HURON COUNTY – Sound levels measured at the county’s biggest wind park meet county limits for wind energy facilities, according to a report given by an environmental and consulting company.
Ryan Pumford, project manager at the Florida-headquartered NextEra Energy, said microphones were placed at 15 testing locations at Pheasant Run and Brookfield Wind, including one stationed on the property of a non-participating resident, with permission.
“Somebody who wrote a letter to this commission months back complaining about the sound, so we wanted to make sure we were definitely in compliance at his property,” Pumford said.
NextEra owns half of the 88 turbines between the two parks. Earlier this year, DTE Energy purchased the other half, previously owned by NextEra, and renamed its new portion Brookfield Wind. The 150-megawatt parks span sections of Brookfield, Winsor, Sebewaing and Grant townships. It was completed in mid-February.
After announcing the project’s completion, Pumford said the company would start on post-construction sound compliance testing by the end of February, to be presented in March. County planners received the report last Wednesday.
The study, commissioned by NextEra and conducted by the Massachusetts-based Epsilon Associates Inc. from March 4 to April 2, sought to examine sound produced by wind turbines.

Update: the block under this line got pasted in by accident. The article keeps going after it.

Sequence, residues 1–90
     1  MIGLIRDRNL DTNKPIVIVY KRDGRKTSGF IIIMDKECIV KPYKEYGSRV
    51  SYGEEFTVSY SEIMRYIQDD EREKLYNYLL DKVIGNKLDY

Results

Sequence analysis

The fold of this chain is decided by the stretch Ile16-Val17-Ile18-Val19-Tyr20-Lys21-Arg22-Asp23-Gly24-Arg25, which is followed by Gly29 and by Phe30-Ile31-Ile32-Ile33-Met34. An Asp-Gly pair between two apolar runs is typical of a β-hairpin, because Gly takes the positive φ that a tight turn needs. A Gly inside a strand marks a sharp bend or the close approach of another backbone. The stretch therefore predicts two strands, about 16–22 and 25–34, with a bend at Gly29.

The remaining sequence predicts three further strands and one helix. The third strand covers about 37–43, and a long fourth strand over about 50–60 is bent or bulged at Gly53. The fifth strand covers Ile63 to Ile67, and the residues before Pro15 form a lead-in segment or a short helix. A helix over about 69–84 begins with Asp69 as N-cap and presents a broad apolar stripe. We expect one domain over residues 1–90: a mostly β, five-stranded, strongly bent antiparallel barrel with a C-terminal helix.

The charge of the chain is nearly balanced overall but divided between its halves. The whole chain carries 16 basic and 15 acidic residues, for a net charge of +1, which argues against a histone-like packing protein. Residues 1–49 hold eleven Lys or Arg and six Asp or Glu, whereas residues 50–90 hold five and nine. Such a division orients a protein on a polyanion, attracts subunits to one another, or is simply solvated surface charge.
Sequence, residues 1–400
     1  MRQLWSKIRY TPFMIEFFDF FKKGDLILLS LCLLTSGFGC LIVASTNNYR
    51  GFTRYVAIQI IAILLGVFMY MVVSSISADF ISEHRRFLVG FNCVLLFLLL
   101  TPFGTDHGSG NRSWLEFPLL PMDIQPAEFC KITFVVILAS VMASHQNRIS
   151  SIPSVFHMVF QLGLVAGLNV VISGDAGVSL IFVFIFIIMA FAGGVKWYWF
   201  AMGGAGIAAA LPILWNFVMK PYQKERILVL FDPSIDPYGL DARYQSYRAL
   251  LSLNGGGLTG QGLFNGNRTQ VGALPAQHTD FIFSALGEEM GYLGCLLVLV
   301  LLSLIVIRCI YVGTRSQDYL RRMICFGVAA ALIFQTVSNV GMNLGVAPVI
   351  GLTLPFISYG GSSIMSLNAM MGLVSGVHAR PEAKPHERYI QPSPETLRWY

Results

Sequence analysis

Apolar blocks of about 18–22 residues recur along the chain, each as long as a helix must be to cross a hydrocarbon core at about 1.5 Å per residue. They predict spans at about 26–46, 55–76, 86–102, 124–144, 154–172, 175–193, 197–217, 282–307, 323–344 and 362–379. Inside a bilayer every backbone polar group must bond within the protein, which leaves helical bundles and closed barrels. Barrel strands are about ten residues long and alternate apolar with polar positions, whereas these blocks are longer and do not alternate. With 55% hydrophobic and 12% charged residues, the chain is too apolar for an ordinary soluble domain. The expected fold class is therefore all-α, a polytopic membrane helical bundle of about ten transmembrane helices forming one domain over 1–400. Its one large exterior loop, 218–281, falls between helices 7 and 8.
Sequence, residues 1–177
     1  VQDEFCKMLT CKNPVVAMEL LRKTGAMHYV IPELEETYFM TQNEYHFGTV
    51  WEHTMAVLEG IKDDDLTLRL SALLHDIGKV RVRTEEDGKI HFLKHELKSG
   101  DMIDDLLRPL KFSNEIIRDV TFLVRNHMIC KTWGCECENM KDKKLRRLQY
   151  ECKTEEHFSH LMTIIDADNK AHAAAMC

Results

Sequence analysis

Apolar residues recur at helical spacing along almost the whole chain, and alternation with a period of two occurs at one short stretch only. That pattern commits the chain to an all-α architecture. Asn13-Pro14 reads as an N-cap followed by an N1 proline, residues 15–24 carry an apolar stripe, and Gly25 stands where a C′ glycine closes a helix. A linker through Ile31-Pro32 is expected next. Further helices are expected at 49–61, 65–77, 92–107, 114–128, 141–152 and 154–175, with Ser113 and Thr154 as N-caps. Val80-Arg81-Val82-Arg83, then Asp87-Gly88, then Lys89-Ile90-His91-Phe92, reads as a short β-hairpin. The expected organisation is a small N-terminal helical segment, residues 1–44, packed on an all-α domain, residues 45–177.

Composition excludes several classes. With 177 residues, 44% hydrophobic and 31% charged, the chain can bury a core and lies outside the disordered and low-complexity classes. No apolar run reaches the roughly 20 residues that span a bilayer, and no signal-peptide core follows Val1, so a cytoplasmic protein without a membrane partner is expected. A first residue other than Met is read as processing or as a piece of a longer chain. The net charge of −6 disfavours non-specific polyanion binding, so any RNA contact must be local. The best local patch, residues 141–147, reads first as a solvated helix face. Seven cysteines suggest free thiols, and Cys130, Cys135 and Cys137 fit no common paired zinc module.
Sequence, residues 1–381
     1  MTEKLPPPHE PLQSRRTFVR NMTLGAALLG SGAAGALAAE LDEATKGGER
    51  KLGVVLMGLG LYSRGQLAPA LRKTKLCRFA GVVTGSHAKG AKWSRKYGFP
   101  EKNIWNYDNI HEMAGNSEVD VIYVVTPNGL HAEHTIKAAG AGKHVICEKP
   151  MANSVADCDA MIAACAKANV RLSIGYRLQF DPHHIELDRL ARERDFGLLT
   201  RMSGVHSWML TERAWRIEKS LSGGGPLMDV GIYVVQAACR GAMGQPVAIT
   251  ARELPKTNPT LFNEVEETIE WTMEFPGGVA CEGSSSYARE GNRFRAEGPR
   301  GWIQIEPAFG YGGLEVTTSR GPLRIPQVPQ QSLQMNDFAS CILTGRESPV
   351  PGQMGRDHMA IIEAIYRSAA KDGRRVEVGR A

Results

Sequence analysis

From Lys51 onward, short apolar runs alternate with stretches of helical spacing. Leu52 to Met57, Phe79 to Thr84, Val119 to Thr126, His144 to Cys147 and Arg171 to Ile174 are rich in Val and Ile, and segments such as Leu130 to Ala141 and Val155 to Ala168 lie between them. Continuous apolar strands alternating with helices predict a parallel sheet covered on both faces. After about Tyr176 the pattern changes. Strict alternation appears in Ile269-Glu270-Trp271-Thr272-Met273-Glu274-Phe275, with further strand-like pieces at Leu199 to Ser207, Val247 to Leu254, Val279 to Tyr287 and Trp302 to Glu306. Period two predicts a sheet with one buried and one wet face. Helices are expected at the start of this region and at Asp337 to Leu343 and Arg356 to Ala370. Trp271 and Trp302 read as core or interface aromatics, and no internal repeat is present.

Methodology made use of microphones fixed to tripods placed about five feet above ground. Sensors measured wind direction and speed, recording continuous, unattended measurements, and ambient sound levels, said Richard Lampeter, senior consultant at Epsilon Associates.
Ultimately, it was determined that sound levels were measured as required by county ordinance, and all 15 locations met the limit, Lampeter said.
County ordinance stipulates that sound from wind energy facilities “shall not exceed 50 dBA or the ambient sound pressure level plus five dBA, whichever is greater, for more than 10 percent of any hour, measured at any residence.”
Sound levels produced by a quiet suburb are generally the benchmark decibel level for 50 dBA. A large electrical transformer from 100 feet may produce similar levels. Sounds above 85 dBA for extended periods can cause permanent hearing loss, according to the American Academy of Audiology.
Noise from turbines has been a prime focus of the county’s Wind Energy Zoning Committee, a subcommittee of the planning commission. Members recently interviewed acoustics firms based in Grand Rapids and Lansing to help with amending the county wind ordinance.
Residents also have zeroed in on turbine noise. At the subcommittee’s first meeting, eight residents – two of which live near Pheasant Run and Brookfield Wind parks – voiced complaints to the board and representatives from utilities in attendance.
Brookfield Township Clerk Mike Lorencz said he hears noise from turbines across the road from his Sebewaing Road home, and that he’s “getting the same turbine noise that somebody would get that is in a (wind energy) overlay district.”
Charles Bumhoffer, a Sebewaing Township resident, said he hears noise from two turbines located within a half-mile of his house.
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